If this is okay with you, please close this message.
Explains what bipolar disorder is, what kinds of treatment are available, and how you can help yourself cope. Also provides guidance on what friends and family can do to help.
To make a diagnosis your doctor will ask you about:
They may also:
You can only be diagnosed with bipolar disorder by a mental health professional, such as a psychiatrist – not by your GP.
However, if you're experiencing bipolar moods and symptoms, discussing it with your GP can be a good first step. They can refer you to a psychiatrist, who will be able to assess you.
"Once properly diagnosed, I knew the cause. I understood that I was someone with an illness. I was not a failure, not a bad person."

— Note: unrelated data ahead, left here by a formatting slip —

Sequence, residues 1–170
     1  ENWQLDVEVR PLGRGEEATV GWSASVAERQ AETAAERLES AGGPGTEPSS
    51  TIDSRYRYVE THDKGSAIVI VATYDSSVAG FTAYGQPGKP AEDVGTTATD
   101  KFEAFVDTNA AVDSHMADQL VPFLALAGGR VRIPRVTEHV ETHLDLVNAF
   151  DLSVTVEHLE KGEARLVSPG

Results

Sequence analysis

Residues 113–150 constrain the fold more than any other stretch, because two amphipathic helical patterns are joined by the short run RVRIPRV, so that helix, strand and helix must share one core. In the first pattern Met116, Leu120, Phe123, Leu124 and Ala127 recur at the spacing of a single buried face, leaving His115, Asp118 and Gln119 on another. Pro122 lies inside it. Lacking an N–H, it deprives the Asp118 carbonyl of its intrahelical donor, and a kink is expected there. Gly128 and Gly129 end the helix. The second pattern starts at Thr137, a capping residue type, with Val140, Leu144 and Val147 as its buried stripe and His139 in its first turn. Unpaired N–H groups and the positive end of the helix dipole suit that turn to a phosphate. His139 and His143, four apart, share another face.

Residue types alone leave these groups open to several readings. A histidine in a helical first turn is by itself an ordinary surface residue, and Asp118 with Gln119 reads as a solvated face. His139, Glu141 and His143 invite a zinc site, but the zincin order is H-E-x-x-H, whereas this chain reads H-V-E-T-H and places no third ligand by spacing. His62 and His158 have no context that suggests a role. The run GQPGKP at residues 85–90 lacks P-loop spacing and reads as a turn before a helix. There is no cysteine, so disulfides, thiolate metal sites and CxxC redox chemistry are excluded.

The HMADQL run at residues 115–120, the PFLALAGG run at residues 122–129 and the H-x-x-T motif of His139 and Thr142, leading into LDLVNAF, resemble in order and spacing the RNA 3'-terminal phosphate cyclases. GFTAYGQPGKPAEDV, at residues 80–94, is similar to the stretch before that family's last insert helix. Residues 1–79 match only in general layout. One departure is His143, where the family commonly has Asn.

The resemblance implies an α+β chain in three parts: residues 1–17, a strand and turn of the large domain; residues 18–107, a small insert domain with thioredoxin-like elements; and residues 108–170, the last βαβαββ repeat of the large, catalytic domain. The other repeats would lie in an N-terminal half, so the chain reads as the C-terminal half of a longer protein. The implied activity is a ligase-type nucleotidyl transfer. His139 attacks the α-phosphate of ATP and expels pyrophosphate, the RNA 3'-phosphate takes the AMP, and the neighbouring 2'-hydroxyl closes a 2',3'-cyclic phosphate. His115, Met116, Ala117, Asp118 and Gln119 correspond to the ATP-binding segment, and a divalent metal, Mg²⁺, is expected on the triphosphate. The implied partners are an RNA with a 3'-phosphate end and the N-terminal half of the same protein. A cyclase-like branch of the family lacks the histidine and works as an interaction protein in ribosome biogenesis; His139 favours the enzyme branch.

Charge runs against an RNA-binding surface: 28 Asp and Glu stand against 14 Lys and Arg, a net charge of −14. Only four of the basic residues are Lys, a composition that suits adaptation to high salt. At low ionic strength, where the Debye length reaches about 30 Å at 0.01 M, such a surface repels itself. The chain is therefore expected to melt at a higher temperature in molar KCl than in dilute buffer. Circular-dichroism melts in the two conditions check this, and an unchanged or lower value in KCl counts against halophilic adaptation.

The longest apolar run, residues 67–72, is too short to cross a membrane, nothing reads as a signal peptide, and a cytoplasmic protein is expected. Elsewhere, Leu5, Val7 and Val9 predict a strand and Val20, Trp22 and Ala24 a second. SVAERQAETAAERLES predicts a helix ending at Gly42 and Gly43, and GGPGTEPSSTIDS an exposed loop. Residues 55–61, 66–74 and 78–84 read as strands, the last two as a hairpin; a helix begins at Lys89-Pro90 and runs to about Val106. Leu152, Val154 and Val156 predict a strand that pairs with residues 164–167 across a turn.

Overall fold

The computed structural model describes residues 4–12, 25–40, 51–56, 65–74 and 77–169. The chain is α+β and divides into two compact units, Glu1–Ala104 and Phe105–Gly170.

Because bipolar disorder involves changes in your moods over time, your doctor may want to observe you for a while before making a diagnosis. Bipolar disorder also has some symptoms in common with other mental health diagnoses (such as depression, borderline personality disorder (BPD), schizoaffective disorder and schizophrenia), so your doctor may want to take care that they diagnose you correctly.
Because of this it might take a long time to get a correct diagnosis – sometimes it can take years.
If you feel the diagnosis you've been given doesn't fit the way you feel, it's important to discuss it with your doctor. Our pages on seeking help for a mental health problem and advocacy provide information on how to make sure your voice is heard, seeking a second opinion and what you can do if you're not happy with your doctor.
"I was diagnosed with BPD first because of the overlap in symptoms between bipolar II and BPD."
This information was published in May 2018. We will revise it in 2021.
References are available on request. If you would like to reproduce any of this information, see our page on permissions and licensing.